“And I thank Jim [Berman] for that.” Dykstra dedicated his book, which climbed as high as No.
11 on the New York Times list of best sellers, to the doctor. “With opiates, there’s a fire inside that’s unexplainable.
I wanted to get off them [when he was with the Phillies], but I was afraid I was going to lose my money. Jim helped me understand what I was going through.” During the interview, one of Berman’s neighbors began cutting the lawn, the mower noise obscuring the conversation.
Dykstra jumped up and moved menacingly toward the man as if he were charging a mound.
A 2000 Pulitzer Prize finalist, he now focuses on sports projects for the Inquirer and Daily News and writes a Sunday column.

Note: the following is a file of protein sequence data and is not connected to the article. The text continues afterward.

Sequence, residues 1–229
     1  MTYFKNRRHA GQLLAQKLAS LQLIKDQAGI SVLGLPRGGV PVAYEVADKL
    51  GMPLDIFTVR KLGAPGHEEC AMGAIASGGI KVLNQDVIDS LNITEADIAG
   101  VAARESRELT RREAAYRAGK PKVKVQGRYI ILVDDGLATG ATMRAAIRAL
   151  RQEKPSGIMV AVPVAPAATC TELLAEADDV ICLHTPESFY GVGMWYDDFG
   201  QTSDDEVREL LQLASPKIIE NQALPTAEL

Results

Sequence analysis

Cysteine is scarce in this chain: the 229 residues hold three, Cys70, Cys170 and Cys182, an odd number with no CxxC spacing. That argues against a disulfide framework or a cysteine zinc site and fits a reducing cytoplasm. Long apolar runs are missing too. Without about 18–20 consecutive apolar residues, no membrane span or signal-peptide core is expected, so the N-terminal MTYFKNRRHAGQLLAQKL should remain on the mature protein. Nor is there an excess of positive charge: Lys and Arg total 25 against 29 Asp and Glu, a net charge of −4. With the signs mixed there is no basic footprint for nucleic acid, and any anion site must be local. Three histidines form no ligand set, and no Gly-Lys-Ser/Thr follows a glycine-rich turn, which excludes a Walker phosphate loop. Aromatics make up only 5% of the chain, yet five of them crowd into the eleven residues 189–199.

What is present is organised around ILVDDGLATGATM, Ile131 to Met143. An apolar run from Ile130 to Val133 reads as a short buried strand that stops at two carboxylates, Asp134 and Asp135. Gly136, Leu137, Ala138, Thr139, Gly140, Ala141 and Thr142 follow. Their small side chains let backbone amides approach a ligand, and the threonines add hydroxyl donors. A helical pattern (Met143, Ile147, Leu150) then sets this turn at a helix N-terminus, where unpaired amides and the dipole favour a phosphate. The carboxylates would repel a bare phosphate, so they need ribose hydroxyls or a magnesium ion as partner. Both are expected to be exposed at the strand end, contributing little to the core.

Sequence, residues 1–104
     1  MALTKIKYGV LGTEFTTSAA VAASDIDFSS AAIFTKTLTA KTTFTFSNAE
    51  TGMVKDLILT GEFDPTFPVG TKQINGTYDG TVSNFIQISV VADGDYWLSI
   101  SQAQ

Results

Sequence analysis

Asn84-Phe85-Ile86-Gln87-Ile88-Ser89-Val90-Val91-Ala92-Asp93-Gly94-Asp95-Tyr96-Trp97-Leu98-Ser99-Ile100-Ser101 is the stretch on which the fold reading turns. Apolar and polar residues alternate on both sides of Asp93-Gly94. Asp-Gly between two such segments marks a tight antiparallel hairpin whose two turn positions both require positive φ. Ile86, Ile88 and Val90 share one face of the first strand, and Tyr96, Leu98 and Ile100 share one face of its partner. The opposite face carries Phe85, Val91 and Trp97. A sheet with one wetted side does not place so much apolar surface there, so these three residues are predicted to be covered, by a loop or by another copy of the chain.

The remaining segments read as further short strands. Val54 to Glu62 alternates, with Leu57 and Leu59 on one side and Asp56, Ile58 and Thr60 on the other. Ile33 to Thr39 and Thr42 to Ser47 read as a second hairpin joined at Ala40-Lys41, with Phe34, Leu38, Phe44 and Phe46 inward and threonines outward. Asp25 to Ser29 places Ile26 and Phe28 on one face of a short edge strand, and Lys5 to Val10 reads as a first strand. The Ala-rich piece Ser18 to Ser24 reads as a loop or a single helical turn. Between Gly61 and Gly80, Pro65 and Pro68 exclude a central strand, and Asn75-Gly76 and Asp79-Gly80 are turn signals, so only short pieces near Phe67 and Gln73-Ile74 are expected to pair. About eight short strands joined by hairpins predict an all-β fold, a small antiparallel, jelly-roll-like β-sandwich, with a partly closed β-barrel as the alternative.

His cellphone rang, and Lenny Dykstra sprang from his seat like an outfielder in pursuit of a deep fly ball.
The series chronicles the lives of two waitresses in their mid-20s (at the start of the series): Max Black (Kat Dennings), the child of a poor working-class mother and an unknown father, and Caroline Channing (Beth Behrs), who was born rich but is now disgraced and penniless because her father, Martin Channing, got caught operating a Bernard Madoff-esque Ponzi scheme.Whereas Caroline was raised as the daughter of a billionaire, Max grew up in poverty, resulting in differing perspectives on life, although together they work in a local diner while attempting to raise funds to start a cupcake business.Since its debut, the series has received a polarized response from critics and audiences alike.Having read Harris’ book in prison — the first book he ever read — Dykstra has read plenty more since, from spy novels to true-life crime stories and banking tomes.He speaks decently about his ex-wife, Terri, who divorced him in 2009, and his sons.